If you can’t bank your voice for any reason, you can still use low and high-tech AAC to communicate with others. This includes using the built in voices on text to speech software. These voices may not sound like you, but should be of a good quality. In most cases, there will be a range of male and female voices on offer.

Alternatively, a family member or friend with a similar accent to you may wish to bank their voice for you, if you are both comfortable with this choice.

Useful resources

MND Connect

Information and support on all aspects of motor neurone disease (MND) for people living with MND, carers, family members, health and social care professionals, Association staff and volunteers and anyone else affected by MND.

Monday to Friday 9am to 5pm and 7pm to 10:30pm. Calls to this helpline are free from landlines and mobile phones within the UK and do not appear on itemised bills.

Tel: 0808 8026262

Email: mndconnect@mndassociation.org

The Aidis Trust

Charity that provides electronic communication aids and specialised computer equiment to people with disabilities to aid their communication.

Address: 10 Ironmonger Lane, London EC2V 8EY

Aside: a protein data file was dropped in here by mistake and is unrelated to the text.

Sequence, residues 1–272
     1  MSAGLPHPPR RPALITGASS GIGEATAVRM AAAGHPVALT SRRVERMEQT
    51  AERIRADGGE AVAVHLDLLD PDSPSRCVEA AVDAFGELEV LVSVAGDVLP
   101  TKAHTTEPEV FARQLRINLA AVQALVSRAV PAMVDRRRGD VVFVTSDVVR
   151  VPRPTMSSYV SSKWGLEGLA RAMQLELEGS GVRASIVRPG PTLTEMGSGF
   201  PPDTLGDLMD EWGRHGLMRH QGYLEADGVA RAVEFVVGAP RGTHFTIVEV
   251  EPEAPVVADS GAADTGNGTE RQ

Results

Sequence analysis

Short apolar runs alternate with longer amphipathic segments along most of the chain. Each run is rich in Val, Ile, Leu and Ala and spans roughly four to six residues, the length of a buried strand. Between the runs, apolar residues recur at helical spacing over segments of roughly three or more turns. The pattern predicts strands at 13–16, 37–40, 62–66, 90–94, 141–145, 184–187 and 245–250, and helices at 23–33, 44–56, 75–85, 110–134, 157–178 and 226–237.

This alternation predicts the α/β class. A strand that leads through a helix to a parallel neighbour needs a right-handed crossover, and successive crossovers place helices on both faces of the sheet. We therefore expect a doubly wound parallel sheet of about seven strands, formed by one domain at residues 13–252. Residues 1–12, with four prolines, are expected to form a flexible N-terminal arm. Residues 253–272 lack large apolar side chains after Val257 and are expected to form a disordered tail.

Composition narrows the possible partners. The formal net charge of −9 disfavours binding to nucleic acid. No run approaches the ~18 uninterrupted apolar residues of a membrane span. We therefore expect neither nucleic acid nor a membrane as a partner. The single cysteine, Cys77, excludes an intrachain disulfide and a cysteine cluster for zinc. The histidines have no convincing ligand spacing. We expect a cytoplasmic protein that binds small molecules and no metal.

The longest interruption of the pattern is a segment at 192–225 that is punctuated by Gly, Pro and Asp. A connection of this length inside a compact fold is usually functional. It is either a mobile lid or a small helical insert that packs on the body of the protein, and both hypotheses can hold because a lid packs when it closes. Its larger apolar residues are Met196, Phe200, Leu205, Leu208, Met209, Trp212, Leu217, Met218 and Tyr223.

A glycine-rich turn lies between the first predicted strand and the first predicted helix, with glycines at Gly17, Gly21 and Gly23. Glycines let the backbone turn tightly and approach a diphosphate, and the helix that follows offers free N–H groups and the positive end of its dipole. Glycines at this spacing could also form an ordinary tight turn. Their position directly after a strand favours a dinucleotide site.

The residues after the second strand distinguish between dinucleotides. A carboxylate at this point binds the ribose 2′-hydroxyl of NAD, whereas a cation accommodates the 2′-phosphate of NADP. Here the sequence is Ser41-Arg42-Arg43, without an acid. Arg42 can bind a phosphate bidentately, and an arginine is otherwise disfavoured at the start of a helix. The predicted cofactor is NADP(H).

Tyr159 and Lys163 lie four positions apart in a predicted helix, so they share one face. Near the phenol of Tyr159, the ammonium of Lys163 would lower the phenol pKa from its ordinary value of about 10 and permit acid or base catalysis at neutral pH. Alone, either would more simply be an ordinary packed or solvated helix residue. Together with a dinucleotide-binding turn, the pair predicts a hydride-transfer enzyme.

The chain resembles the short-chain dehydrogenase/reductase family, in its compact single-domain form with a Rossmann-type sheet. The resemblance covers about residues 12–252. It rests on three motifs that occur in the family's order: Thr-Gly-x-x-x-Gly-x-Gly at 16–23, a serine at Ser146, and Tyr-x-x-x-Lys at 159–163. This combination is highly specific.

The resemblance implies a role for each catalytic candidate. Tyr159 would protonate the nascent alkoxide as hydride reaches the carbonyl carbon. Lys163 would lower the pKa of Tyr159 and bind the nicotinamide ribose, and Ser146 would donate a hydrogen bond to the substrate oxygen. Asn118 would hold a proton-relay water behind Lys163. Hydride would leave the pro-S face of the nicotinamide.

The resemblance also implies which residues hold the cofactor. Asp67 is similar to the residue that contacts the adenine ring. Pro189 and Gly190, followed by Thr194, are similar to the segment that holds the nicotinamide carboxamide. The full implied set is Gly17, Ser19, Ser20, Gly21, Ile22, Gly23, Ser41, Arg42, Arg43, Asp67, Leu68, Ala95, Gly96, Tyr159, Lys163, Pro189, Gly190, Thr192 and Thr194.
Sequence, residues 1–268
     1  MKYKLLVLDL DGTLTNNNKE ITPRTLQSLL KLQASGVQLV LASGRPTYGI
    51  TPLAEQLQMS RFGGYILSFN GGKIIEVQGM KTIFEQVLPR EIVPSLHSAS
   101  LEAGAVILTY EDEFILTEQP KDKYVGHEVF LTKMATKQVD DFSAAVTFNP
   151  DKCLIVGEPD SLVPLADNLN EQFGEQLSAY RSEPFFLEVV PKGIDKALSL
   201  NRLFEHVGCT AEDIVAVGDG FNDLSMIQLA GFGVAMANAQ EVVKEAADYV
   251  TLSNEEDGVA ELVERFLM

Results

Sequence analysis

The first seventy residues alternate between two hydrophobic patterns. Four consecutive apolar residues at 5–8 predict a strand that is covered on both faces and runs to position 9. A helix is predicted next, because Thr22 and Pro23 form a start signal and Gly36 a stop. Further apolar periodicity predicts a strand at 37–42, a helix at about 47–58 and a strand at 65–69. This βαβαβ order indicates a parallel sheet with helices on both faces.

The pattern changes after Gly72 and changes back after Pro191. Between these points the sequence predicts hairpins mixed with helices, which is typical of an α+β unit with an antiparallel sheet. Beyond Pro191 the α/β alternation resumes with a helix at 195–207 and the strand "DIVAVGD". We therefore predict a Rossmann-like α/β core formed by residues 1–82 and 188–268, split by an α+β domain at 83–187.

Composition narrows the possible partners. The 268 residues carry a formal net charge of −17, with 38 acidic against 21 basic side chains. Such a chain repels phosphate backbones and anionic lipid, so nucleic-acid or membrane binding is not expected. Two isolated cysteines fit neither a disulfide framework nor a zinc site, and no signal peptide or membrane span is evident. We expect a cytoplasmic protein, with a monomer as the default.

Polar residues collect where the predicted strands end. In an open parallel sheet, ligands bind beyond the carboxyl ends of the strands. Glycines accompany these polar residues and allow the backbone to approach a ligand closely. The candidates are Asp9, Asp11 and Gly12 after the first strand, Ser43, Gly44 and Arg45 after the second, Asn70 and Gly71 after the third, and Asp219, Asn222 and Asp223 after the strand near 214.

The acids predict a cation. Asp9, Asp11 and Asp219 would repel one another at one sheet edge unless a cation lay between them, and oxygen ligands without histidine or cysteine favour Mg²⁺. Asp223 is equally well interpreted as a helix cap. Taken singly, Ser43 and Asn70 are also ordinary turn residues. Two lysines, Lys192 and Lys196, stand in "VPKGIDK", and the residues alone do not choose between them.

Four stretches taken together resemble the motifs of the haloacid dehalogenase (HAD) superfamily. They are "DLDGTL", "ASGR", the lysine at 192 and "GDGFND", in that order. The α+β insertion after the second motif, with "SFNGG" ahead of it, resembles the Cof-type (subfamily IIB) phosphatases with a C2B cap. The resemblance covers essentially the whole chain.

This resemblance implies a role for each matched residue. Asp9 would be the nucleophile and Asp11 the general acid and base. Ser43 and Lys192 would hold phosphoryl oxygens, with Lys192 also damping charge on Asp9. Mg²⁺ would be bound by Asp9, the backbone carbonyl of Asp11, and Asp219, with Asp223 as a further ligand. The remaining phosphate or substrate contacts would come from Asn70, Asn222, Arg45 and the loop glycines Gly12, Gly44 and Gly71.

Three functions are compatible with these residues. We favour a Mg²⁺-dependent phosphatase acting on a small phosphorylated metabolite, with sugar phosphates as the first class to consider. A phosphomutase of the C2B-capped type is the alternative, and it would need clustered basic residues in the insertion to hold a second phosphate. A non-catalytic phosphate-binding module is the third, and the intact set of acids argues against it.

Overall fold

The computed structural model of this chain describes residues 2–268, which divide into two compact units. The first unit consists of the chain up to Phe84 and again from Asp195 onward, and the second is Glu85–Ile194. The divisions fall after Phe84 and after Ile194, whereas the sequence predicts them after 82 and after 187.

Telephone: 0808 800 0009

Email: via the website contact page

Website: www.aidis.org

Communication Matters 

Communication Matters is a UK-wide organisation supporting people of all ages who find communication difficult because they have little or no clear speech.

Address: Leeds Innovation Centre, 103 Clarendon Road, Leeds, LS2 9DF

Telephone: 0845 456 8211

Email: admin@communicationmatters.org.uk

Website: www.communicationmatters.org.uk

 

  • Last Updated:
    01 September 2021
  • Review Date:
    01 September 2025
  • Author:
    Melanie Taylor
  • Summary:

    Voice banking is a process that allows a person to record a set list of phrases with their own voice. This recording is then used to create a personal synthetic voice.